Michelle PUOPOLO, on Behalf of Herself and All Others Similarly Situated
The COMMERCE INSURANCE COMPANY
MEMORANDUM AND ORDER ALLOWING PLAINTIFFâS MOTION FOR
Kenneth W. Salinger, Justice
Michelle Puopolo claims that The Commerce Insurance Company
has an unlawful practice of paying unreasonably high storage
charges to facilities that are repairing damaged vehicles
owned by its insureds and then subtracting those charges from
any payment it makes on the insuredsâ claims, all without
notifying the insureds or obtaining their consent. Puopolo
claims that this practice violates the terms of the standard
automobile insurance policy and constitutes an unfair or
deceptive act or practice that violates G.L.c. 93A.
has now moved to certify a class of plaintiffs with respect
to all of her claims. Specifically, Puopolo has moved to
certify a class consisting of:
persons who made a claim or claims under the Limited
Collision, Collision or Comprehensive provisions of their
automobile policy with Commerce and whose claim payments were
reduced by any amount Commerce contends it paid to the
storage facility in relation to the claim.
Court will ALLOW this motion.
Standards for Class Certification
obtain certification of a class with respect to the for
misrepresentation, fraud, and unjust enrichment, Puopolo must
demonstrate that "(1) the class is so numerous that
joinder of all members is impracticable" [numerosity],
"(2) there are questions of law or fact common to the
class" [commonality], "(3) the claims or defenses
of the representative parties are typical of the claims or
defenses of the class" [typicality], and "(4) the
representative parties will fairly and adequately protect the
interests of the class" [adequacy of representation].
See Mass.R.Civ.P. 23(a). If these requirements are met,
Puopolo must also show "that the questions of law or
fact common to the members of the class predominate over any
questions affecting only individual members,"
[predominance] and "that a class action is superior to
other available members for the fair and efficient
adjudication of the controversy" [superiority]. See
of a class action with respect to claims under G.L.c. 93A may
be appropriate if the named plaintiff can "show that the
putative class members suffered âsimilar, â although not
necessarily identical, injuries as a result of the
defendantâs unfair or deceptive conduct." Bellermann
v. Fitchburg Gas & Elec. Light Co., 470 Mass. 43, 53
(2014), quoting G.L.c. 93A, Â§ Â§ 9(2), 11. Furthermore,
"Section 9(2) requires satisfaction of the same elements
of numerosity, commonality, typicality, and adequacy of
representation as are required by Mass.R.Civ.P. 23(a)."
Moelis v. Berkshire Life Ins. Co., 451 Mass. 483,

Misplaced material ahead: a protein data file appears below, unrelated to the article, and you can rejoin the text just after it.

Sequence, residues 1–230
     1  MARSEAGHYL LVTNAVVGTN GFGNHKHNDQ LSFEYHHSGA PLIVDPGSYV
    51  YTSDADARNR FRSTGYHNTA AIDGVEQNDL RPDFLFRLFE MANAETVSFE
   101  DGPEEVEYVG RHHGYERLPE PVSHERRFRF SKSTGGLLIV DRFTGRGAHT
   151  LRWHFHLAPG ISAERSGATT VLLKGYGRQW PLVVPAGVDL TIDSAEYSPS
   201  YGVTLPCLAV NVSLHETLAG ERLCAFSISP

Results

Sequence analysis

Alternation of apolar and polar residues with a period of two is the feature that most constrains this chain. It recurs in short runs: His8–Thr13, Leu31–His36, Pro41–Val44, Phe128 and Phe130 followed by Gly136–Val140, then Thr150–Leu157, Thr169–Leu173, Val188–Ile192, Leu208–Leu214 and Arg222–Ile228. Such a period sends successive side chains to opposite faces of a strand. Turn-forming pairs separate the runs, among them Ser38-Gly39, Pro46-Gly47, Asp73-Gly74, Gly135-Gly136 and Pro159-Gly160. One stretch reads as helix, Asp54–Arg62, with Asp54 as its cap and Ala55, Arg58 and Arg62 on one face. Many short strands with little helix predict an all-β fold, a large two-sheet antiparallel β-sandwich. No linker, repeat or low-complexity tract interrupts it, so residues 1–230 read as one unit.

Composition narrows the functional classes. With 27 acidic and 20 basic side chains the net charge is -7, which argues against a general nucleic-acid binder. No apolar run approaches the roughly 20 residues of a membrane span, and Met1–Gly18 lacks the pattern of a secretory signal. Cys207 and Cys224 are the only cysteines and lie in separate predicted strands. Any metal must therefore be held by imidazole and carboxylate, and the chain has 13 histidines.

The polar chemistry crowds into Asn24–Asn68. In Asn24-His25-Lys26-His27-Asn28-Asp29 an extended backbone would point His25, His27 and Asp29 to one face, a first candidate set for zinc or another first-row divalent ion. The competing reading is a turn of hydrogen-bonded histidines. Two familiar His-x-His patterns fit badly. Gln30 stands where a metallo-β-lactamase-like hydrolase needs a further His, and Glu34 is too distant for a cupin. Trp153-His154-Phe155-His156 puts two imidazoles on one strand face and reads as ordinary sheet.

489 (2008). "Unlike rule 23, however, Â§ 9(2) does not
require that common issues predominate over individual ones,
or that a class action be superior to other methods of
litigation." Id. at 489-90. A court nonetheless
"has discretion to consider issues of predominance and
superiority" in deciding whether to certify a class
claim under c. 93A. Id. at 490.
the judge is deciding a [class] certification request under Â§
9(2) [of G.L.c. 93A], the judge must bear in mind [that there
is] â "a pressing need for an effective private
remedy" for consumers, and that "traditional
technicalities are not to be read into the statute in such a
way as to impede the accomplishment of substantial
justice." â" Aspinall v. Philip Morris Cos.,
Inc., 442 Mass. 381, 391-92 (2004), quoting Fletcher
v. Cape Cod Gas Co., 394 Mass. 595, 605 (1985).
"The right to a class action in a consumer protection
case is of particular importance where, as here, aggregation
of small claims is likely the only realistic option for
pursuing a claim." Feeney v. Dell, Inc., 454
Mass. 192, 202 (2009).
party moving for class certification need only provide
âinformation sufficient to enable the motion judge to form a
reasonable judgmentâ that certification requirements are
met." Aspinall, 442 Mass. at 391-92, quoting
Weld v. Glaxo Wellcome, Inc., 434 Mass. 81, 87
(2001). "[N]either the possibility that a plaintiff will
be unable to prove his allegations, nor the possibility that
the later course of the suit might unforeseeably prove the
original decision to certify the class wrong, is a basis for
declining to certify a class which apparently satisfies the
Rule." Salvas v. Wal-Mart Stores, Inc., 452
Mass. 337, 363 (2008), quoting Weld, supra, at 87.
has broad discretion to grant or deny a motion to certify a
class, both under Rule 23 and under c. 93A, Â§ 9(2). See
Weld, 434 Mass. at 84-85 (Rule 23); Moelis,
451 Mass. at 489 (c. 93A).
Court concludes that all of these criteria are satisfied here
and that it is therefore appropriate to certify the proposed
requirement of numerosity is satisfied here. It appears that
the proposed class has well over 10, 000 members. The Court
concludes that joining all class members as individual
plaintiffs would add significant expense and complexity to
this lawsuit without any offsetting advantage, and that such
joinder is therefore impracticable. Joinder of all class
members as individual plaintiffs is "impracticable"
within the meaning of Rule 23 if doing so would be
"impractical, unwise or imprudent"; plaintiffs need
not show that joinder ...